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Did they strip the bolt on the valve cover, and is it the driver side or passenger side.
The shop I took it to got one bolt out, then stripped the second and then refused to move forward on it. They didn't want to try a bolt remover (EZ Out or similar) fearing the potential of sheering the heads off as this has happened to them in the past.

I'm in the LA area, looking for a solution.

My valve cover gasket is LEAKING! (I know, you're all surprised by that)

Cost is also an issue. There's 220,000 mile on it, so may not be worth throwing too much more money at it.

Any help / suggestions would be appreciated!

THANK YOU!!!
 

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Discussion Starter · #14 ·
I used die hard deepwell bolt extractor form advanced auto on my 2003 xterra intake bolts. Took all of them out after the 6mm allen key stripped them
The concern about doing this was if they sheared off one of the bolt heads it'd require sending it to a machine shop to be drilled out and the expense in that would be too great.
 

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The bolts that hold the plenum on thread into the lower intake. You can buy those lower manifolds on eBay for $100 all day. I think you’re making too big of a deal here. Get the screw extractors that were mentioned and get yourself some new bolts and replace the bolts one by one. Once they’re all new and won’t cause a problem coming out then take it back to the shop and have them do whatever they couldn’t do the first time. If you’re not going to try to fix it or try to take it somewhere else then I’m sorry I’m still talking about this.
 

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If you do sheer off a bolt and have to extract the stubs, you may want to get an appropriate sized thread chaser to clean the threads up a little before putting the new bolts in.
 

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The shop I took it to got one bolt out, then stripped the second and then refused to move forward on it. They didn't want to try a bolt remover (EZ Out or similar) fearing the potential of sheering the heads off as this has happened to them in the past.

I'm in the LA area, looking for a solution.

My valve cover gasket is LEAKING! (I know, you're all surprised by that)

Cost is also an issue. There's 220,000 mile on it, so may not be worth throwing too much more money at it.

Any help / suggestions would be appreciated!

THANK YOU!!!
Relax. I have 325k on my 08. And have stripped or broken several intake manifold bolts as well as a few valve cover bolts. There not that hard to do yourself. Important to get in a good lighted area in garage. Take hood off 4 bolts easy to do. Then depending which bolts your gona replace make sure you have them on hand. I got mine from the dealer and ordered them ahead of time and purchased extra which I ended up needing as I broke one when I torqued the plenum. Make sure you have a good torque wrench a dial clicking wrench was the best easiest for me and I rented it from Orielys for a Critter and that was refundable.. it was brand new. Just make sure you know how to use it abd practice on some bolts on your fender or somewhere not so close to intake. Next take the plenum off to see if your bolts are broken of flush. If they are sticking up you can use a small vise grip and get a good grip on it and turn it slowly off remember on these nissans it the first little snap that gets them going so make sure to get a good grip on it as well as plugging up the intake holes . Six old socks works well and you will feel like a surgeon. Joking but very important to plug and to count the socks before starting when done. Now if there flush I found it easier to drill a hole into the bolts with the plenum on I used a bit I purchased at Lowes that came with a easy out that found quite easy to use. I also cut the end of a old dried out vacum hose that I used as a guide to keep the bit centered when I drilled the old bolt out. The next and important step for me was to get comfortable on top of the engine compartment without damaging anything I ended up running a piece of plywood across compartment and from radiator suport(not top of radiator) and to the two bolt holes for the plastic engine cover and crosswise to the fender lips on the side. Well the rest is up to you just plan half a day on it take your time and jeep your beast on the road.I have come to realize the same thing as you are seeing in that at high milage these cars will break and will cost you a lot to fix and usually by someone who doesn't no what there doing. And cost you more then cars worth. Do it yourself and have fun with it. I get a kick out of it when people see the milage on mine.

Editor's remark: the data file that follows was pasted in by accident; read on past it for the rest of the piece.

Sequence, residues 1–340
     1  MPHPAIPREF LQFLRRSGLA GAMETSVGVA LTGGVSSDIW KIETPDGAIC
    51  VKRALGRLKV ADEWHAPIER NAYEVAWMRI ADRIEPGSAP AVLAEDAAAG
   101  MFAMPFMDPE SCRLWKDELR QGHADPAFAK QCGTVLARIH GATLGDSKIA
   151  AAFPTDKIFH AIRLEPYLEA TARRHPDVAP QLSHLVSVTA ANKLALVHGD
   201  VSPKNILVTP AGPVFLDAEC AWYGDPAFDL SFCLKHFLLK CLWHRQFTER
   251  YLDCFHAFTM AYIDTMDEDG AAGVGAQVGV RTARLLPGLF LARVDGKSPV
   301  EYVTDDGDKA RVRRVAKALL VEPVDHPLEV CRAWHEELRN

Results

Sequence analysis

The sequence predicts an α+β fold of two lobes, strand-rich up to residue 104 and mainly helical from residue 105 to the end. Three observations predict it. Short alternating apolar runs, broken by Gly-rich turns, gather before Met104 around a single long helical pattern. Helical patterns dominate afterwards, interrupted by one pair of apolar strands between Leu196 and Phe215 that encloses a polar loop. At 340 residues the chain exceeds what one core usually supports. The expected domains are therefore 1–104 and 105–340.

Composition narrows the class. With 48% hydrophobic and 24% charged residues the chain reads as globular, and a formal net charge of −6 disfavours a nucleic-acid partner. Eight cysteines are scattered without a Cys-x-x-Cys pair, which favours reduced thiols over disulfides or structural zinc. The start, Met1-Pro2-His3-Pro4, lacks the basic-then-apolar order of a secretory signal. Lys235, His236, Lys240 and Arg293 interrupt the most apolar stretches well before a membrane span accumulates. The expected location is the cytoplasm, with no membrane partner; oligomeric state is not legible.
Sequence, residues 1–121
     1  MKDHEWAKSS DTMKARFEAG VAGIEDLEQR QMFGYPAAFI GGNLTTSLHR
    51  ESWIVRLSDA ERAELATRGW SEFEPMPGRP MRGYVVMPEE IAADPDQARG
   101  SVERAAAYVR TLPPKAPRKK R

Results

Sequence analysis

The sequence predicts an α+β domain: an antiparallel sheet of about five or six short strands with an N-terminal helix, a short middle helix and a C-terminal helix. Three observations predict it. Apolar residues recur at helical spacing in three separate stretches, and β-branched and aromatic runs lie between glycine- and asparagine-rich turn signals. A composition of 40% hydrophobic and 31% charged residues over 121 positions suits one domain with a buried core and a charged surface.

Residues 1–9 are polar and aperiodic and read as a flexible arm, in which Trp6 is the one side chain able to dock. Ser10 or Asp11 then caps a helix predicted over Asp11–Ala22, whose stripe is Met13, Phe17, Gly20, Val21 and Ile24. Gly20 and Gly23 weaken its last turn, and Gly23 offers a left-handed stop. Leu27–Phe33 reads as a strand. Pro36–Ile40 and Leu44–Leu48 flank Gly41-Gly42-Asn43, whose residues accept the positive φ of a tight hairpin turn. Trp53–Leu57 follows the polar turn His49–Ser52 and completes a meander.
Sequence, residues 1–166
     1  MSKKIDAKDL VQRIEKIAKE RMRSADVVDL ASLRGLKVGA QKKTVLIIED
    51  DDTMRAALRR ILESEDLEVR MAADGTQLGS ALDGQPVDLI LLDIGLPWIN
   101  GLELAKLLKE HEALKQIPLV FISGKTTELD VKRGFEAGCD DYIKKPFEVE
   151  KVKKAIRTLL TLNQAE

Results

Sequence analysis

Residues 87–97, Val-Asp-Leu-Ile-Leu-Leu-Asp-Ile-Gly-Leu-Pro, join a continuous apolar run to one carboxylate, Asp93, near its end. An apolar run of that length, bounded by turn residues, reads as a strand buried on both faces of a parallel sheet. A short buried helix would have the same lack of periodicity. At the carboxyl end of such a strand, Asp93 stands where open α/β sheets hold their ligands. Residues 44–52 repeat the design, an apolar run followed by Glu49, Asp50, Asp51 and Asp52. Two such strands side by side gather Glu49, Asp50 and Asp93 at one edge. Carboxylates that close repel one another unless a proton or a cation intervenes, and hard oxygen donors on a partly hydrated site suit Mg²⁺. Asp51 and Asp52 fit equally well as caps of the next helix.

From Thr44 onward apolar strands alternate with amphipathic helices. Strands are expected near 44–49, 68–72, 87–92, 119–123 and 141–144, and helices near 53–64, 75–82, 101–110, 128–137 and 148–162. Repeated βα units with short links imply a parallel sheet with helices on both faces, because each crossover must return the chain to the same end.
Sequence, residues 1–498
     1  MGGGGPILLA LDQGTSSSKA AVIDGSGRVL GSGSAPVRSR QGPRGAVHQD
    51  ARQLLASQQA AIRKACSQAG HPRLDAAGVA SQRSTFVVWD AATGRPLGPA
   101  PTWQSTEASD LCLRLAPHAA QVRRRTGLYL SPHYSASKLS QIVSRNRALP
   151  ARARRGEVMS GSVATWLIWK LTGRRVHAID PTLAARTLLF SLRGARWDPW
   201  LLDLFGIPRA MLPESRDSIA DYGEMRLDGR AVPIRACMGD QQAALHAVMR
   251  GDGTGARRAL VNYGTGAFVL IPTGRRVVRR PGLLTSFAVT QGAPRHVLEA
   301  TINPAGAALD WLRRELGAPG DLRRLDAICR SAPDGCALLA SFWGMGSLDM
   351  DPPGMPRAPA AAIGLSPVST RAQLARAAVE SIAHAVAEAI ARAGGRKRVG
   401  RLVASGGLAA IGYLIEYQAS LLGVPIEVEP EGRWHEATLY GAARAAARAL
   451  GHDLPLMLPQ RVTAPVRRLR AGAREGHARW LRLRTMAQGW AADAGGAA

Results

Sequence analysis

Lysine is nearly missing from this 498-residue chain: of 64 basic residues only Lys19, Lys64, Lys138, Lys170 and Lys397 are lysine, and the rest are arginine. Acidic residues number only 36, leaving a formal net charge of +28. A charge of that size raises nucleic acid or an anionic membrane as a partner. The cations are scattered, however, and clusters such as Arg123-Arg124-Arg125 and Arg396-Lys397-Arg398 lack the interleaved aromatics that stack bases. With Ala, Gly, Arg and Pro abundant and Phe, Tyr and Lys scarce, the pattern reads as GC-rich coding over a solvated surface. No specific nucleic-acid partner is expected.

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Also make sure that you are using an inch/pound torque wrench when required and not a foot/pound. Ask me how I know... Go ahead... ASK ME!!!! :ROFLMAO:

But seriously. Using a foot/pound by accident WILL result in snapped bolts and or broken aluminum parts (Made that mistake on an aluminum thermostat housing in college before I knew better. Experience is a great teacher)
 

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You are right about that I experienced the problem with torque wrenching and that's why I shared the "now how to use it part:My xterra has been a trial and error vehicle since I bought it. Grabing a Hayes or Chilton book and reading it has always been the first thing I do when I get a car. It can be helpful and sometimes a curse but it's the way I roll and most every one of my vehicles have rolled over 300k.